Last: A Letter

Dear Owen,

Tomorrow is my last full day in Portland.

It’s hard to say that my time here has been a wonderful one. I’ve missed my husband terribly and the stress has been hard for both of us. You haven’t met him yet, but I promise you’ll like him (and his ears, his ears are very fun). Overall, it’s been a really trying ten weeks. And it has been a COLD ten weeks; record snowfall in New England in the 2007-2008 season. You were born during a pretty nasty winter. I spent $40 on wool-blend non-itchy socks just to make it through. It’s been a rough and tumble few weeks.

But you! How wonderful you are. And how wonderful to be here when you were born. You don’t know this, but your mommy is a rock star. One day you may try to pass a peach pit out your urinary tract without drugs and you may understand Mama’s pain, but I doubt it. Ah, but how worth it you have been, Mama and Daddy both tell me so:

Now that you’ve hit the six-week mark, your little personality is starting to show through. No longer a floppy little blob, you have started to actually smile and occasionally grunt in what we believe to be approval. You aren’t an unhappy baby; far from it. You just aren’t always sure about this whole “life” business and your expressions vary from “fury at being evicted from the hot tub” to “are you SHITTING ME?” when presented with something new. Case in point below, your first experience with a rattle:

…and your “Taxi Driver” face that you make when you are gassy or just generally pissed that someone’s shaken up the rules or routine:

We are, in fact, talking to you.

Your mom and I call you “Angry Man!” or “Charming Guy!” depending on your mood. And oh, you are very charming. In fact, after vomiting a great big glurt of formula down the inside of my shirt, I changed and picked up your little projectile-goo shooting self again. You snuggled your head down into my neck and cooed and smiled, earning you a stay of execution. When you are angry, your expression is just so funny that we can’t help but like you. Your mama said the funniest face you ever made was right after you were born and placed on her chest: “He looked up at me with the most shocked expression I’ve ever seen, like ‘OH MY GOD WHAT THE F*** JUST HAPPENED?!” No crying, just…total and utter shock and alarm.”

You dislike changes, you do. You had a similar expression the first time I fed you with a bottle, having no idea that food could come from any other source than Mama’s Dairy Bar. You were willing to accept the change in labor sharing but your expression made it clear that we were to consult the contract before making any other unilateral changes. One day you may decide you want to negotiate contracts and regulations for a living. We think you have a flair for it.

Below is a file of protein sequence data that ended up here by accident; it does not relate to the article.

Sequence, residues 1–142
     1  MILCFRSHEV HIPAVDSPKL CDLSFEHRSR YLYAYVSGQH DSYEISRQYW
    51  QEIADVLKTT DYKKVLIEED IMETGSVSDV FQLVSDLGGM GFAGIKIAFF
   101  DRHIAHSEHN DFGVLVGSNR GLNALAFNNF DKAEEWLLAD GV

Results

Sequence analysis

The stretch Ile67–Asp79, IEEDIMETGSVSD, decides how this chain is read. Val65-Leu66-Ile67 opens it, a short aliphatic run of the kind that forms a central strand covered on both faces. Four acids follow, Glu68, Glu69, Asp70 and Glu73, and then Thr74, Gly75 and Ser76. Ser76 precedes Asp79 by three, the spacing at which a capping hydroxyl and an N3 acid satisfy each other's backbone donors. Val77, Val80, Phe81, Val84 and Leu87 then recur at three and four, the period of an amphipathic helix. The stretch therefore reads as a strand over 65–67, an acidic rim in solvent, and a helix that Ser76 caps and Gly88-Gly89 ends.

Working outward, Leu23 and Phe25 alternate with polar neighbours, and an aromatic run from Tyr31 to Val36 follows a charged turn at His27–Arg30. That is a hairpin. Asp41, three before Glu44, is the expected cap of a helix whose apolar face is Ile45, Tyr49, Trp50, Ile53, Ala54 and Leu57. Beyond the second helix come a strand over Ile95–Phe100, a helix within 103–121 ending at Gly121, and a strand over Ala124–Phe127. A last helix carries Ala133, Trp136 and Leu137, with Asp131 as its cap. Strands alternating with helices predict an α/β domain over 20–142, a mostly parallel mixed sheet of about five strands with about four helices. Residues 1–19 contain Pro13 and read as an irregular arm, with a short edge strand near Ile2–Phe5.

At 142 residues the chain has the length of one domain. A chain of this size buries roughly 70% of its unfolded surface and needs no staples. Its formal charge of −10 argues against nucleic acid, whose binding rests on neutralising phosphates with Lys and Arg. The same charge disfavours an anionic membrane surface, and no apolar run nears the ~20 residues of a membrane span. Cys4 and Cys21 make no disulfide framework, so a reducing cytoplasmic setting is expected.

You like your swing, and your sling, and like being active. Sometimes if you aren’t moving fast enough you cry–car trips are incredibly easy with you, but the transition into the car is not. You overheat very easily, so we don’t dress you in much and sometimes when you spit up a lot–more than three times in an hour–you lose your shirt privileges and we chant “Naked baby!” and raspberry your belly. Which is, it must be said, rather round. It is adorable, but not as cute as your little round cheeks and Elvis lips. You have Mama’s cheeks, Daddy’s eyebrows and Auntie’s lack of chin. Hopefully you’ll grow one, but I made it through okay without one. We think your eyes will be brown.

Owen, the next likely time that I see you will be in September 2009 when your parents tie the knot. You will be an entirely different human being then, and I won’t know you. You won’t know me, either, and though my first reaction will be to pick you up and drown you in affection, that will scare the shit out of your toddler self. So while that makes me incredibly sad–and if you go for your uncle’s ears instead of me, you can forget that 21st birthday party I would have thrown you–I understand more now about what it means to watch a newborn become a person. And when it’s my turn, I’ll understand more about how hard it is to let them go. So thanks, kid. You have been the best part. Now go puke on your mother, she hasn’t gotten her fair share of vomit yet.